The worried man’s guide to nabbing elephants

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How Karnataka’s forest department went about catching two dozen wild pachyderms
It looked like a clear shot when he crept up behind the elephant with his tranquiliser gun, but it turned all of a sudden, and charged at him. “The earth shook. I fired the dart. It hit its ear, but the elephant was so close that there was nowhere to run. I smacked its eye with my gun, forcing it to turn away and run past me,’’ says veterinarian Dr BC Chittiappa. He was part of a Karnataka forest department operation to capture 24 wild elephants in two taluks of Hassan district.

The animals had been on the rampage, mauling sundry villagers who got in their way. After the Hemavathi dam project submerged a large area in the early 1990s, these wild elephants moved from Coorg to occupy huge tracts of abandoned coffee estates and forest patches.

A platoon of forest officials was drafted for the operation. The moment an animal or herd was spotted, the team would spring to action. Camp elephants would be brought in. A suitable terrain would be identified to drive the wild elephant to, and the vets would then shoot it with morphine darts. A shooter is allowed only one shot because an overdose can kill. The fallen tusker would then be goaded onto a truck— with the aid of trained elephants. The entire process would often take up to two days.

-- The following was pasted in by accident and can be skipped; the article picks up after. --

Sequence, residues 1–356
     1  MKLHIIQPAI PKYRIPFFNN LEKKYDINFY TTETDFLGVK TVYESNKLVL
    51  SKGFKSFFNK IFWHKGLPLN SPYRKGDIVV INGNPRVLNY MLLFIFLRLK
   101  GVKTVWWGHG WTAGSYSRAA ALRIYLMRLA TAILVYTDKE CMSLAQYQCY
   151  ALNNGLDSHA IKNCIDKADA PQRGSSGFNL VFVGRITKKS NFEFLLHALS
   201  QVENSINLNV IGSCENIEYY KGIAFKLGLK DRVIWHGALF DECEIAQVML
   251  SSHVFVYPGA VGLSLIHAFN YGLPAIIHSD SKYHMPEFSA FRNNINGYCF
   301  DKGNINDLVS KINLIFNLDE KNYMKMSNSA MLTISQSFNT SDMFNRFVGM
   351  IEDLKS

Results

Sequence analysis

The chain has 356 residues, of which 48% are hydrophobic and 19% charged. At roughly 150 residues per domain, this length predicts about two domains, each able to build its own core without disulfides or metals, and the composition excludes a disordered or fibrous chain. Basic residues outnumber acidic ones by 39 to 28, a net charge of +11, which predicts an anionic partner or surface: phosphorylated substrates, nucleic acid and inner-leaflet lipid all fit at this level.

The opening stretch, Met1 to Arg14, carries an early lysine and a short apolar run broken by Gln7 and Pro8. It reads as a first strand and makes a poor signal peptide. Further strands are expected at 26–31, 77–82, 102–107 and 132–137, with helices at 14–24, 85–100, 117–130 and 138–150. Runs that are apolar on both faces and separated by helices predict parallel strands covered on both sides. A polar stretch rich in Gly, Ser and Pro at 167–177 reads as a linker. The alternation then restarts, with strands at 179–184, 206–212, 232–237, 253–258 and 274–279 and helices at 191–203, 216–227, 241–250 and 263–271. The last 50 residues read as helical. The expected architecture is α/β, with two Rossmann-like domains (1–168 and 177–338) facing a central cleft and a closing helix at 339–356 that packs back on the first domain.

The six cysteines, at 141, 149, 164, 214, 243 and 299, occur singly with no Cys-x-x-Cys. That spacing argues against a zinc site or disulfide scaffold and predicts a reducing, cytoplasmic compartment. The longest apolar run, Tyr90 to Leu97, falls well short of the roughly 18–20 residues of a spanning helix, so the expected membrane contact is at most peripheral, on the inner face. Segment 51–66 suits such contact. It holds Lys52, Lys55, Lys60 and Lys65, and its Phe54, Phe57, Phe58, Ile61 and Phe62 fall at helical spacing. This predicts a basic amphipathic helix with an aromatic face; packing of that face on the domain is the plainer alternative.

Marappa Siddappa, a mahout who takes out his 45-year-old tame tusker for such operations, says, “While tame elephants love to charge at cornered wild elephants, sometimes the sedated ones fight back.”

Most of the 24 wild pachyderms have been set free in forests in other parts of the state. A few aggressive loners have been sent to forest department camps to be tamed. The population of wild tuskers has risen. “At least six more are roaming around these areas. We will resume captures as soon as the Centre gives the go- ahead,’’ says Dr Chittiappa.